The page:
Richard Rikoski is the CEO and Chief Scientist of a stealth mode startup anchoring the Marine Technology Cluster in Oakland, CA. Prior to that he was a researcher at the Naval Surface Warfare Center in Panama City, FL where he received 10 patents for various marine robotic systems. He holds a bachelor’s degree in mechanical engineering and economics from Carnegie Mellon University, a master’s degree in ocean engineering from MIT, and received the first doctorate in marine robotics from MIT. As a member of the OEAB, he intends to focus on partnerships, data, technology, and budget.
In his view, priorities for a national ocean exploration program include mapping the U.S. Exclusive Economic Zone, rapidly assessing the water column on basin scales, and global genome mapping. Dr. Rikoski believes there is a need for paths that lead to goal achievement, development of enabling technologies, appropriate partnerships, and allocation of sufficient budgets. He describes the need this way: “It is very difficult to explore a 12 million square kilometer Exclusive Economic Zone, and another 5.5 million square kilometers of treaty obligations; this is simply too much territory to adequately explore with so little. As the nation with the largest Exclusive Economic Zone, the U.S. must make ocean exploration a responsibility and a priority.” Dr. Rikoski believes international partnerships are critical to advance global exploration priorities and notes that technology will drive the ability to pursue such goals. He encourages use of public and private sector partners, the identification of global partners who can exchange data to prevent duplications of effort, and data partners who can ensure data is properly documented and distributed.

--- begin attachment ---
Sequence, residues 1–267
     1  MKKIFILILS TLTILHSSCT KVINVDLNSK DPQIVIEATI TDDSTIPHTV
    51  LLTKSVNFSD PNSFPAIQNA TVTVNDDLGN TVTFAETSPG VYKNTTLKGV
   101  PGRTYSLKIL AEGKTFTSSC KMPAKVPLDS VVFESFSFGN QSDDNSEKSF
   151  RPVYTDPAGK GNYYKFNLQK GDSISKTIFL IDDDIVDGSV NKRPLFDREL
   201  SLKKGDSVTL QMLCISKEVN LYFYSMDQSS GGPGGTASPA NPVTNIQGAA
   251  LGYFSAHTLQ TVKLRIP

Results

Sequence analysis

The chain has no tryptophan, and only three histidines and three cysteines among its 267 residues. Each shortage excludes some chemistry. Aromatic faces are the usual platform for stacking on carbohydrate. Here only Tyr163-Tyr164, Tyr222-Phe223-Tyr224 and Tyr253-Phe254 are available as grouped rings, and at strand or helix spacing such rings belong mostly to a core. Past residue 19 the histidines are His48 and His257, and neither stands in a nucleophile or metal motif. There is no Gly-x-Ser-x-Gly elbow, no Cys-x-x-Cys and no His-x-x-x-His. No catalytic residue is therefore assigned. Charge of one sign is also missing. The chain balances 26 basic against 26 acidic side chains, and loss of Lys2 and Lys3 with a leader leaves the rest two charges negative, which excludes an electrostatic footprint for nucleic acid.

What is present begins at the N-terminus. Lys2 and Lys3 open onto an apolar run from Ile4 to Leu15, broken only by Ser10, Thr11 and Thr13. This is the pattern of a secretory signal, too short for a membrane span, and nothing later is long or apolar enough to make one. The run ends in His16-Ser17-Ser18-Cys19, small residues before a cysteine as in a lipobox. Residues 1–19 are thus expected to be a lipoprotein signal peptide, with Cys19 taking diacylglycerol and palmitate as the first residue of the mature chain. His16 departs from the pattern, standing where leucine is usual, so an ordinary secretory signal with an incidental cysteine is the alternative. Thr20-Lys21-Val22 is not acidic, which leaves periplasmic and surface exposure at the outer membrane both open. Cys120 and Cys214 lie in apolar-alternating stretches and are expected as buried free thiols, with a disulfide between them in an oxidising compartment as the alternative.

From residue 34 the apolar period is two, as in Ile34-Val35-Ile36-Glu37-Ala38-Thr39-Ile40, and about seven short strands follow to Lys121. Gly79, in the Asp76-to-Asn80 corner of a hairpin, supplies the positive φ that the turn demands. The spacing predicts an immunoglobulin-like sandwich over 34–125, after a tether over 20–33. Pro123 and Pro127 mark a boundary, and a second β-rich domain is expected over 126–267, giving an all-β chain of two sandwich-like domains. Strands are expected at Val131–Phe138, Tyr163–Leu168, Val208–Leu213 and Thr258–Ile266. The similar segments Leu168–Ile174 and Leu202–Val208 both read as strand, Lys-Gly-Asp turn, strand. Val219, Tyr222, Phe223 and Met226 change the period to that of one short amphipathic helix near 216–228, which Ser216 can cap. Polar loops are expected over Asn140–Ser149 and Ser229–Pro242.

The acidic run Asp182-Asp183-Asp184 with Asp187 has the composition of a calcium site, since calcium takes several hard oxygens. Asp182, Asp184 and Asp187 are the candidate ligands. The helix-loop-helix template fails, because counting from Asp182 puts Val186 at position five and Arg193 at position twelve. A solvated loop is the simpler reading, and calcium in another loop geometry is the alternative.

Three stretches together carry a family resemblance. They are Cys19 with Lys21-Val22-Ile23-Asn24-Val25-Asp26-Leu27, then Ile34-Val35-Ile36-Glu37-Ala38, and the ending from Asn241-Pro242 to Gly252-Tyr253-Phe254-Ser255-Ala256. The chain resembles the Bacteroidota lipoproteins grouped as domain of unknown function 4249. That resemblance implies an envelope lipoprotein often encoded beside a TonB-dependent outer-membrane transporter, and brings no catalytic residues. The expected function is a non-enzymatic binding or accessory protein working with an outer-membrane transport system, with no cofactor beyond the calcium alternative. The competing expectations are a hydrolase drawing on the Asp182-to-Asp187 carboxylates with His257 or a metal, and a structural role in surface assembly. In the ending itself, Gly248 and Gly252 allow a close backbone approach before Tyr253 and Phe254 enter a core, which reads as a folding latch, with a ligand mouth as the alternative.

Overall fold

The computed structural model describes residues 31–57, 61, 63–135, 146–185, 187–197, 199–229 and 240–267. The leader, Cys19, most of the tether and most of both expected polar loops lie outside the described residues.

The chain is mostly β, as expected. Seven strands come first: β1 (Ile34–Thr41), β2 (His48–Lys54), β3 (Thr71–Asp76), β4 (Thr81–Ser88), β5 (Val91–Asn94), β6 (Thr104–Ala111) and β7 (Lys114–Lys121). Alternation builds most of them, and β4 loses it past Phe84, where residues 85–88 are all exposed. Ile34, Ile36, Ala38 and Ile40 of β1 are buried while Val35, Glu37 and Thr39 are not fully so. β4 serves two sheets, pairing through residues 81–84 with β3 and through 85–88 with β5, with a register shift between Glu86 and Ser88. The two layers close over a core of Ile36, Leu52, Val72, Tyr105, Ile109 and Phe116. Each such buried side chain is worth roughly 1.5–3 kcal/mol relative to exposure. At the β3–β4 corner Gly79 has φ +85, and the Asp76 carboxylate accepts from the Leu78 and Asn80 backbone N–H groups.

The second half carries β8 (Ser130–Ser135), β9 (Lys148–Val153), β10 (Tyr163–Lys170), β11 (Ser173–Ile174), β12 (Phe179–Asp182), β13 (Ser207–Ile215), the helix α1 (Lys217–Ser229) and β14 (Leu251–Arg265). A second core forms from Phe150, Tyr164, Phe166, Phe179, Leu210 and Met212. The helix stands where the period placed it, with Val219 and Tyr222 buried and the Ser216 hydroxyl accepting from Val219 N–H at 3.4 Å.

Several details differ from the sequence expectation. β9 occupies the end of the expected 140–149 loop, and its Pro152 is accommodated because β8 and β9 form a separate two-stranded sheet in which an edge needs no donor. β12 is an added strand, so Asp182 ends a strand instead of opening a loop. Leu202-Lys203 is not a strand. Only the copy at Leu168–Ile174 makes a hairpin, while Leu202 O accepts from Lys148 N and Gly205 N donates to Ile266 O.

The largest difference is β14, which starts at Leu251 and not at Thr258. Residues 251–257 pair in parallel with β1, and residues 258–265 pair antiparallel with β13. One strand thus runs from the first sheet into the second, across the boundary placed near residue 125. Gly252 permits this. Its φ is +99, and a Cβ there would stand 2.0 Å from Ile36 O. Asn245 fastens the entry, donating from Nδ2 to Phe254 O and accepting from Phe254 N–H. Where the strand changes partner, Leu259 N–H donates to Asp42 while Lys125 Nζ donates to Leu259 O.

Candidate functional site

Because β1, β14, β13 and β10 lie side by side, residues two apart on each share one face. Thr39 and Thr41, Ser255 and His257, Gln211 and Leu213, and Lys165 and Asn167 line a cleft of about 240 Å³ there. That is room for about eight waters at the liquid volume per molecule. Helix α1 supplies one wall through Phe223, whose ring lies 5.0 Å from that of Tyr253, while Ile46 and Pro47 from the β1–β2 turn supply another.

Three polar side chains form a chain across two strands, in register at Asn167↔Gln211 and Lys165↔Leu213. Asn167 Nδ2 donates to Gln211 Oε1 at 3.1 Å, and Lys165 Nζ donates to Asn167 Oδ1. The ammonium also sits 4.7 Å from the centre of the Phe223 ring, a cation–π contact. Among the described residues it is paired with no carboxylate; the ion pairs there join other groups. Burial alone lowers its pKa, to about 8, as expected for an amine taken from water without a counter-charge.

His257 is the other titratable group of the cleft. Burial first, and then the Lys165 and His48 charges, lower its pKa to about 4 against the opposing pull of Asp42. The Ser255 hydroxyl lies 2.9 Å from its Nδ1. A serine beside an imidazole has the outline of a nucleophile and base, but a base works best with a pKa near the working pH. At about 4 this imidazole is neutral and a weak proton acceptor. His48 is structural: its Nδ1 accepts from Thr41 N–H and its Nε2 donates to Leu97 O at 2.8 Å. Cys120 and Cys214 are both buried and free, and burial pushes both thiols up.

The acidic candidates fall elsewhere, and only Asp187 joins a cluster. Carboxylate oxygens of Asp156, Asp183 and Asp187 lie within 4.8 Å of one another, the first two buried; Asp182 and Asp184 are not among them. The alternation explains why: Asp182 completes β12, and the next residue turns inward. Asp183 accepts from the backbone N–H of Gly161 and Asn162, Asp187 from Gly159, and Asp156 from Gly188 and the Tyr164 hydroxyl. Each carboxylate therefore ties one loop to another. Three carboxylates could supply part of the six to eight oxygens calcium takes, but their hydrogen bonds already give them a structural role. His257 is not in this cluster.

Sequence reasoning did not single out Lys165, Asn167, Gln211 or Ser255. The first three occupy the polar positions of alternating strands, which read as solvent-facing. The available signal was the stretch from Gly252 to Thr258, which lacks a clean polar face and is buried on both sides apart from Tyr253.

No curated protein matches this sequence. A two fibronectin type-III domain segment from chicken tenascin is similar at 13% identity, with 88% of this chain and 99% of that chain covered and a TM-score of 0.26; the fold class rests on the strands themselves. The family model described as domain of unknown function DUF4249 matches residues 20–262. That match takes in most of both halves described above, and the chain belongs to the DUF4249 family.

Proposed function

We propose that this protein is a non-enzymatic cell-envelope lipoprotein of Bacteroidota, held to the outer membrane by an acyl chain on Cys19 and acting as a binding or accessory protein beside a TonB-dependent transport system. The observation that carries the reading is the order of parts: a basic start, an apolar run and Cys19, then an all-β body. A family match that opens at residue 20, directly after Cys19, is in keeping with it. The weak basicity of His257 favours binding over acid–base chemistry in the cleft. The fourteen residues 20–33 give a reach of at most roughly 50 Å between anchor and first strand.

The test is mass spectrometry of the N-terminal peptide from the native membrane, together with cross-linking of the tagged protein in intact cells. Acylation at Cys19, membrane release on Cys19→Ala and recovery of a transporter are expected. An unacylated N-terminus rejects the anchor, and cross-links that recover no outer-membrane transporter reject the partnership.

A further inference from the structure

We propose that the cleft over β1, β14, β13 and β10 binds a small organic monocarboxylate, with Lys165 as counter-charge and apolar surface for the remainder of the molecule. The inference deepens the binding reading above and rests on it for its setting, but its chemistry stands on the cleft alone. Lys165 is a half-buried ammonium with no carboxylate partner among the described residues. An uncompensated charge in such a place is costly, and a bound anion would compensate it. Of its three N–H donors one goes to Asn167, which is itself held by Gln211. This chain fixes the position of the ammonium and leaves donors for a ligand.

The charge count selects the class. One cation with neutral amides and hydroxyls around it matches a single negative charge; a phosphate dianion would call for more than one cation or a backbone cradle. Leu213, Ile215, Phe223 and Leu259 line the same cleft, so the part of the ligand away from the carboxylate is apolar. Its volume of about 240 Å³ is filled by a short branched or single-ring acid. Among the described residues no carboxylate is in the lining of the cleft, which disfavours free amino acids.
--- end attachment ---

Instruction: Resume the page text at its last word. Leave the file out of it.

Dr. Richard Rikoski will serve an initial three year term.